North of Inari by the main road E75, lies the village of Kaamanen. It is a traditional meeting point as from there the roads and snowmobile tracks lead to North, East, South and West. To the North lies Utsjoki, to the West Karigasniemi and Sevettijärvi and Näätämö are located in the East.
Bird photographers paradise
Kaamanen has a strong fishing and wilderness culture. In River Kaamanen and other surrounding fishing waters, brown trout and grayling are caught. The area is known for its extensive wild fowl population and is said to be the paradise for the bird photographers.
Karigasniemi en route to North Cape
West of Kaamanen by the Norwegian border is the village of Karigasniemi with its 500 inhabitants. The national boarder of Finland and Norway runs in the River Inari which passes the village and changes to River Teno at the meeting point of the River Karas just few kilometres north of Karigasniemi. The closest neighbour, Karasjok, on the Norwegian side of the boarder is only 18 km away. There is good access from Karigasniemi to the Porsang fjord of Arctic Ocean and to the North Cape. Finland’s most beautiful road connects Karisgasniemi into the village of Utsjoki.
Local sights in Karigasniemi & Kaamanen
The most beautiful road in Finland
The route 970 takes you from Karigasniemi to Utsjoki following the 100 km journey alongside the River Teno continuing from there to Nuorgam. This “Route Teno” has been given the title of the most beautiful route in Finland as it travels alongside the river through breathtakingly beautiful river valley – you cannot find anything like it elsewhere in Finland.
The municipality of Utsjoki has three fells named Ailigas, all of which are located near the Tenojoki River. The highest of the three is located in Karigasniemi, near the area where the Inarijoki River turns into Tenojoki. This particular Ailigas stands an impressive 620 metres high. The second highest fell rises straight up from the shore of the Tenojoki River by the Nuvvus village. Indeed, this 535-metre high fell goes by the name of Nuvvus-Ailigas. The smallest of the three fells stands at 342 metres in height, protecting the village centre of Utsjoki.
Sulaoja is Finland’s biggest natural spring measured by water content. It has been a sacred place for the Sámi people, as the water has been believed to have healing character. Sulaoja is the southern starting gate to the Kevo Strict Nature Reserve, and there is a 2 km nature trail to the spring and surrounding nature. The path is easy to walk and provides information on the area.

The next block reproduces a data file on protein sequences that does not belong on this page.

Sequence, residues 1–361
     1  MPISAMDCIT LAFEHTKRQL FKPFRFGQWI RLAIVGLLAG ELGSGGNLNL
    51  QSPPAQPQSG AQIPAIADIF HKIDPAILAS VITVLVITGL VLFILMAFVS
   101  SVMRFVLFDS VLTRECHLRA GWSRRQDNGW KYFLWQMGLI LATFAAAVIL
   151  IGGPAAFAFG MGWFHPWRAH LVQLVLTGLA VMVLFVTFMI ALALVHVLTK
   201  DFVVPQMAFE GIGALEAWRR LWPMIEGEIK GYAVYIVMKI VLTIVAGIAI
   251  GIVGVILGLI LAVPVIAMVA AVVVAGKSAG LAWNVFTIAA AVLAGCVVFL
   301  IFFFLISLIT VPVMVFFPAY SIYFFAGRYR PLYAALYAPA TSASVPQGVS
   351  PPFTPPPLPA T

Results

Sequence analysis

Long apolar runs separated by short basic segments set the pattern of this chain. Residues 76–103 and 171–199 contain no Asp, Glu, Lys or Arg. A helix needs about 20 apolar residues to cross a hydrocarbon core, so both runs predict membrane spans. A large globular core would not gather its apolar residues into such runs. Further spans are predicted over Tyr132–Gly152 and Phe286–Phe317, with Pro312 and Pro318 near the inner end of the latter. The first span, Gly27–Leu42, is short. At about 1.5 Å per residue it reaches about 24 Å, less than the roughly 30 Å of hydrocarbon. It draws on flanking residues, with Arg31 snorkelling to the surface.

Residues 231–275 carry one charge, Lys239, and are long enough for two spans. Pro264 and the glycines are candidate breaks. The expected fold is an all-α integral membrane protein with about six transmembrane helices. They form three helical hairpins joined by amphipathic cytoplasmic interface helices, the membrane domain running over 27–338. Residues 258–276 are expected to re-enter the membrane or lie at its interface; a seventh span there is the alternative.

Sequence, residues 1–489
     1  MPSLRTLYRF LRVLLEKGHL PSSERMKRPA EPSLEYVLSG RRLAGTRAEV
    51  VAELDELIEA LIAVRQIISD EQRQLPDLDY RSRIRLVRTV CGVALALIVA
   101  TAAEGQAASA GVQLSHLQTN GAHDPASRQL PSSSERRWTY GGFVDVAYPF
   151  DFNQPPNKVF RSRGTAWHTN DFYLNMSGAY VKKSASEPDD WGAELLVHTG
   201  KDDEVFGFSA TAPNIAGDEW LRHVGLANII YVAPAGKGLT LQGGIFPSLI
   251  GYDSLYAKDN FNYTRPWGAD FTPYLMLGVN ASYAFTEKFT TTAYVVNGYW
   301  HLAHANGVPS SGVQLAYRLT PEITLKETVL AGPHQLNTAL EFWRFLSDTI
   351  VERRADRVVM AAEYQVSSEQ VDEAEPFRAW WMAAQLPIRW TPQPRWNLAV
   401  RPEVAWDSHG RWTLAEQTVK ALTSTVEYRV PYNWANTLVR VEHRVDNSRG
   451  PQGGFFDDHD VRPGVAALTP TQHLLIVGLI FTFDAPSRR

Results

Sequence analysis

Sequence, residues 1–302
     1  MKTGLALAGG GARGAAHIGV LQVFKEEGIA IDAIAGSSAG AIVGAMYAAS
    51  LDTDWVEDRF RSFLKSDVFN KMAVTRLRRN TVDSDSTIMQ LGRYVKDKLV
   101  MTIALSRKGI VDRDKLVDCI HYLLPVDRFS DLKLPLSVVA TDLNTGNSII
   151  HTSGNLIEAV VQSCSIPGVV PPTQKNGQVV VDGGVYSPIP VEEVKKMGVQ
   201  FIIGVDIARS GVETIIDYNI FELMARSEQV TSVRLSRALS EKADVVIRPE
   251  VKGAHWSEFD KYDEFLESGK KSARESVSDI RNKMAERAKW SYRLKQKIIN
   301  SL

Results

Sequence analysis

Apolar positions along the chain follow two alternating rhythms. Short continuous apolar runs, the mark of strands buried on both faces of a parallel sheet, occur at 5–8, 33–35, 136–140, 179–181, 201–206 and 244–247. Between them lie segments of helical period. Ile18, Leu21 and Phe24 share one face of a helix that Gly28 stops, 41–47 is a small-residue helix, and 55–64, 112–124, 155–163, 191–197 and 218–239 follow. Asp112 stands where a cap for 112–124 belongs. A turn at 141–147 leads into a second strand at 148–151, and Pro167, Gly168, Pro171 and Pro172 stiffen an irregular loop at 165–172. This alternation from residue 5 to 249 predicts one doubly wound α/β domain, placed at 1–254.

Kevo Strict Nature Reserve
The Kevo Nature Reserve with its magnificent canyon is among the most rugged hiking attractions in Finland. The heart of the nature reserve consists of a canyon spanning 40km in length and in places 80m in depth, at the bottom of which flows the Kevojoki River. The rest of the nature reserve is fell highland crossed by gentle slopes of ravines. There are also large tundra-like open mires. There are two marked, rather demanding hiking trails of 63km and 86km and a two-kilometre long nature trail at Sulaoja. The unique area is a prime habitat for rare birds, which is why access is restricted to signposted trails.
Muotkatunturi Wilderness Area
Muotkatunturi Wilderness Area is a wilderness area in its true meaning as there are no marked trails and only few wilderness huts. The rolling fells, the beautiful Lake Peltojärvi and fast-flowing rivers of the Muotkatunturi area give the landscape its distinctive appearance. Muotka area is suitable for experienced hikers and outdoor enthusiasts.
Paistunturi Wilderness Area
Paistunturi is a large continuous wilderness area in between Kaamanen, Karigasniemi and Utsjoki. In the middle of the area rises the rounded fell tops of Paistunturit at the height of around 600 metres. Around are vast mires, fell heaths and mountain birch forests. Just as in the Kevo Nature Reserve which divides Paistunturi area into two, deep canyon-like river valleys cross in between the uplands. This makes river crossings in the area especially difficult during rainy seasons.